Wombo is a popular lip sync app in Europe and the U.S. It has been downloaded 2 million times in just a few weeks, and when you put in a photo, the person in the photo can sing a song, but the only shortcoming is the limited song templates. At the root, Wombo pop video still can not be separated from the mouth synchronization, Deepfake technology, only Wombo let this technology fly into the ordinary people, so that more people can make their own ghostly dynamic photos through the app one click.
By developing the latest templates, programs like Wombo allow users to blend together favorite characters, popular songs, elaborate choreographed dances, public figures and more, so you can imagine that the future of Deepfake will inevitably take the path of templating.
You’ve probably seen a lot of Wombo videos on social media, and Deepfake’s world is never short of hilarious and beautiful productions, with inter-dimensional fusions that make the corners of your mouth turn up like crazy!
When I was a kid playing the fighting game “Street Fighter” Ryu sang “Witch Doctor” three leaders of the Federal Reserve sang Rick Astley’s 1987 European and American gold song “Never Going to Give You Up” brainwashing?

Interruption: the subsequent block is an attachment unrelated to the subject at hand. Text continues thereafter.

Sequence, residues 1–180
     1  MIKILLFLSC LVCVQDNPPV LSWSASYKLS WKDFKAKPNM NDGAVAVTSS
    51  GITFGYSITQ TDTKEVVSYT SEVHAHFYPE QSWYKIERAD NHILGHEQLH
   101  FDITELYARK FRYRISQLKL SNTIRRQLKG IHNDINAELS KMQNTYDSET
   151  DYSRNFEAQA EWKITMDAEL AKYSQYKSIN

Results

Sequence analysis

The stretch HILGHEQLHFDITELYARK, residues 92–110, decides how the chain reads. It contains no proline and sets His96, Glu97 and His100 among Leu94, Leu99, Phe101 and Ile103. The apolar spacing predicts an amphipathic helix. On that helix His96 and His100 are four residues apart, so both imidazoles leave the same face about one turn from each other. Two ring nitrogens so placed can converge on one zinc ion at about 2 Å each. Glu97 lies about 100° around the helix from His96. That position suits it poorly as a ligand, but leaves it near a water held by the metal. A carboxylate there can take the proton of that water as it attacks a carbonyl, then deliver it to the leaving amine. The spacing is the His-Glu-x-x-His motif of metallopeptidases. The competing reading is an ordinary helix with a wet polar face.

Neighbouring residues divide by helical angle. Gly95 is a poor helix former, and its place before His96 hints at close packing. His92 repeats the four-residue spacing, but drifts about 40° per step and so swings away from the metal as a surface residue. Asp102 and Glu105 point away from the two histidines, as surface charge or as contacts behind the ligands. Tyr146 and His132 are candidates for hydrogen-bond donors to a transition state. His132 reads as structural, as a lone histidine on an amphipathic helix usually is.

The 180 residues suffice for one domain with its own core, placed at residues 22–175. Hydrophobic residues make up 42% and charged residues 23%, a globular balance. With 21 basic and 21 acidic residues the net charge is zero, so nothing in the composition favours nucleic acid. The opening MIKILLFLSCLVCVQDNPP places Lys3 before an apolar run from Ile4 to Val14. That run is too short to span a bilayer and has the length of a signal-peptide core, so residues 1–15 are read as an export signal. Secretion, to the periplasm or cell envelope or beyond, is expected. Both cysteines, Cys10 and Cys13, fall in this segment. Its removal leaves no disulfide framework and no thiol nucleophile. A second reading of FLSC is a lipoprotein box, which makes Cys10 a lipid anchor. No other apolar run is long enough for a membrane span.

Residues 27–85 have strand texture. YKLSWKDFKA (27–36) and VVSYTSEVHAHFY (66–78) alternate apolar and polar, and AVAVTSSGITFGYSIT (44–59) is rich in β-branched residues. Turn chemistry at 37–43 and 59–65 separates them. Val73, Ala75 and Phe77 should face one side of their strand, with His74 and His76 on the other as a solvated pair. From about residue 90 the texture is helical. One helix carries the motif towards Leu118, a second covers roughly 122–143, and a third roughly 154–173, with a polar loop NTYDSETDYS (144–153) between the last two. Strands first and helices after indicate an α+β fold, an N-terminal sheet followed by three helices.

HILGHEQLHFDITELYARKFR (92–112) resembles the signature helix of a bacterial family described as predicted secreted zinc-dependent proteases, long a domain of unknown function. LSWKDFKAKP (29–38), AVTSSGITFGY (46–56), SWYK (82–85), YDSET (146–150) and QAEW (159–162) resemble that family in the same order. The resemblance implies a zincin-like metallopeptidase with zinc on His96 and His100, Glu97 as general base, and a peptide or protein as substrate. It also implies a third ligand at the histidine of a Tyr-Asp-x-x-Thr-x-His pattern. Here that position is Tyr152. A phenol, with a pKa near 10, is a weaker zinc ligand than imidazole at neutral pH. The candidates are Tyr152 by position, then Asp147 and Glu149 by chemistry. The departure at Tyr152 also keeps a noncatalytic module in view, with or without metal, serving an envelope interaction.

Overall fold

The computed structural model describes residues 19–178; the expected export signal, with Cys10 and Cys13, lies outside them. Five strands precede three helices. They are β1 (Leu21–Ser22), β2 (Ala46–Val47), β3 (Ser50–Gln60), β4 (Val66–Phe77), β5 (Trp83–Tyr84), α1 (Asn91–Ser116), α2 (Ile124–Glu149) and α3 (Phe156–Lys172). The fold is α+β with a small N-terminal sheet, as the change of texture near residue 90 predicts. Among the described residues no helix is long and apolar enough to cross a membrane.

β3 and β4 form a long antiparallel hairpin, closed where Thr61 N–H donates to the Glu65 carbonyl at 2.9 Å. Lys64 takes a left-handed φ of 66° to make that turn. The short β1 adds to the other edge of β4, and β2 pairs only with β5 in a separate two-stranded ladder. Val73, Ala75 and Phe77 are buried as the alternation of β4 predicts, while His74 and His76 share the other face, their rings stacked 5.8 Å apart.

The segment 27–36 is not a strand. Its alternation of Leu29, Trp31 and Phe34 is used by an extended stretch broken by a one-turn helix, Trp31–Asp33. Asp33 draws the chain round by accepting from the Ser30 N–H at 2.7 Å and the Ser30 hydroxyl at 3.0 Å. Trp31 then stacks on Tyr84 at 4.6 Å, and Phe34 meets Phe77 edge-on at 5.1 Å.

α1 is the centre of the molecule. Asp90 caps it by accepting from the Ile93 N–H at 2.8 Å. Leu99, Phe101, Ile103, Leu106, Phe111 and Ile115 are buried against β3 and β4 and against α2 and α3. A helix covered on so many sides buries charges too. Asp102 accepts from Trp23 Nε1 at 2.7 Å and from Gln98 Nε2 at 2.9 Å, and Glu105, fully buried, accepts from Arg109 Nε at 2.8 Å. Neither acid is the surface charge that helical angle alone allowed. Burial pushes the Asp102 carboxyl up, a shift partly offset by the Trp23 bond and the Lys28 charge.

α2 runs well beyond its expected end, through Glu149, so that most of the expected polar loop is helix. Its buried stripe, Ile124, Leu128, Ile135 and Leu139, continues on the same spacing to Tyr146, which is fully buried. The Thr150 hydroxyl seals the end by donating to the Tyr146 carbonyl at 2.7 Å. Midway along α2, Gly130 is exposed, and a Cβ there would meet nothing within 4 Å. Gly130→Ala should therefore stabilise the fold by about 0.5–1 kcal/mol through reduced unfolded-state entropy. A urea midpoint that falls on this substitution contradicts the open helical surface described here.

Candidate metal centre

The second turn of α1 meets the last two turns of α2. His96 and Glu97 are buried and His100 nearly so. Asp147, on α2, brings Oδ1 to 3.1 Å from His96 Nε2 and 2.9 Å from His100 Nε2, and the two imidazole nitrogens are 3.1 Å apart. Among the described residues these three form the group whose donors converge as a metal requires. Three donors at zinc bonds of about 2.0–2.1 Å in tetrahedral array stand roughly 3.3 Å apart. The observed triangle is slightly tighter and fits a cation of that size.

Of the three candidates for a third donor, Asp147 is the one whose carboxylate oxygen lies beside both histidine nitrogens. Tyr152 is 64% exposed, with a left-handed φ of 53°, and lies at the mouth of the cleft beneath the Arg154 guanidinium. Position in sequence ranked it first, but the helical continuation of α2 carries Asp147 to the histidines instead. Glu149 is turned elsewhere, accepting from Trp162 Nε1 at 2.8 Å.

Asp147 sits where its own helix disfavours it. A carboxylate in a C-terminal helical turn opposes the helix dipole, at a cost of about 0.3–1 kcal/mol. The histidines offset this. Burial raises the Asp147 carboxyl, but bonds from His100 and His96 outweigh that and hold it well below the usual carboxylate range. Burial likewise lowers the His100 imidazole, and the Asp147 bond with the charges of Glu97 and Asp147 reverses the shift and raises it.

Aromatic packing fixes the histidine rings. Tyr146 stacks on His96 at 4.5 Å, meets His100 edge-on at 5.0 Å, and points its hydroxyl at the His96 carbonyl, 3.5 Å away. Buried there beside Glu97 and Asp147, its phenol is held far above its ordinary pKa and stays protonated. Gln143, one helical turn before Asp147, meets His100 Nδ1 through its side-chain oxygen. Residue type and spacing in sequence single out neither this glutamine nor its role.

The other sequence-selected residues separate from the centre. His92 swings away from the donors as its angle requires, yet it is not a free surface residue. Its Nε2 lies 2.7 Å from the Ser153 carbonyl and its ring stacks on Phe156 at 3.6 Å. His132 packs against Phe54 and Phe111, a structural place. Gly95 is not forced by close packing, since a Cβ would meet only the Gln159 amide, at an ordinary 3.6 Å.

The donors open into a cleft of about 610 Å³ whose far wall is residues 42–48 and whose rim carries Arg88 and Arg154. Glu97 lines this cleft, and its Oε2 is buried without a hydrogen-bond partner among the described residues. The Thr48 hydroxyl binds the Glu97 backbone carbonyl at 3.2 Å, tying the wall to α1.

The exaggerated facial expressions combined with the ghostly animation effects look both silly and funny, fully demonstrating the current state of Deepfake technology, which we can also call “earthy to the extreme is hip”. After playing it a couple of times, many people already want to make their own or their friends’ photos move. Open the door to lip sync brainwashing and quality output abounds.
Twitter users are using an app called Wombo to create lip-sync videos of their favorite characters. The app, available for free on the Apple App Store and Google Play, uses artificial intelligence to animate and lip-sync still photos. wombo’s official website initially featured only realistic photos of real people lip-syncing, but it didn’t take long for users to come up with other ideas.